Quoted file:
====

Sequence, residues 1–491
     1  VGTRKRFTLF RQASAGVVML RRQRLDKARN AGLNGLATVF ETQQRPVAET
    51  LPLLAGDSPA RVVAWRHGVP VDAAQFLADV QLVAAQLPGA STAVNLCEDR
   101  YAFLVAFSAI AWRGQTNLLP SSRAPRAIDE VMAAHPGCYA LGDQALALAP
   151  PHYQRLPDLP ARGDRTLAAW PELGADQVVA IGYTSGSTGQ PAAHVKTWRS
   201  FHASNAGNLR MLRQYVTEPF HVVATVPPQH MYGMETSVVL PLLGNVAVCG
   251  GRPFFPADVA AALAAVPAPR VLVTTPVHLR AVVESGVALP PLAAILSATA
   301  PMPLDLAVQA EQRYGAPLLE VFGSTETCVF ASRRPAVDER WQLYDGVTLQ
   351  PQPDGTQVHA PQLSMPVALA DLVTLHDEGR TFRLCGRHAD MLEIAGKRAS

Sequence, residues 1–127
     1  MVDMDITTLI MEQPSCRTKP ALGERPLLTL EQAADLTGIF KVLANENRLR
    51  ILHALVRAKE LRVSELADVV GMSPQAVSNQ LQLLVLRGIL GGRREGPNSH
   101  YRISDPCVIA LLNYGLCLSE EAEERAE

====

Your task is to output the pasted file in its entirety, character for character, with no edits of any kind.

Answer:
Sequence, residues 1–491
     1  VGTRKRFTLF RQASAGVVML RRQRLDKARN AGLNGLATVF ETQQRPVAET
    51  LPLLAGDSPA RVVAWRHGVP VDAAQFLADV QLVAAQLPGA STAVNLCEDR
   101  YAFLVAFSAI AWRGQTNLLP SSRAPRAIDE VMAAHPGCYA LGDQALALAP
   151  PHYQRLPDLP ARGDRTLAAW PELGADQVVA IGYTSGSTGQ PAAHVKTWRS
   201  FHASNAGNLR MLRQYVTEPF HVVATVPPQH MYGMETSVVL PLLGNVAVCG
   251  GRPFFPADVA AALAAVPAPR VLVTTPVHLR AVVESGVALP PLAAILSATA
   301  PMPLDLAVQA EQRYGAPLLE VFGSTETCVF ASRRPAVDER WQLYDGVTLQ
   351  PQPDGTQVHA PQLSMPVALA DLVTLHDEGR TFRLCGRHAD MLEIAGKRAS

Sequence, residues 1–127
     1  MVDMDITTLI MEQPSCRTKP ALGERPLLTL EQAADLTGIF KVLANENRLR
    51  ILHALVRAKE LRVSELADVV GMSPQAVSNQ LQLLVLRGIL GGRREGPNSH
   101  YRISDPCVIA LLNYGLCLSE EAEERAE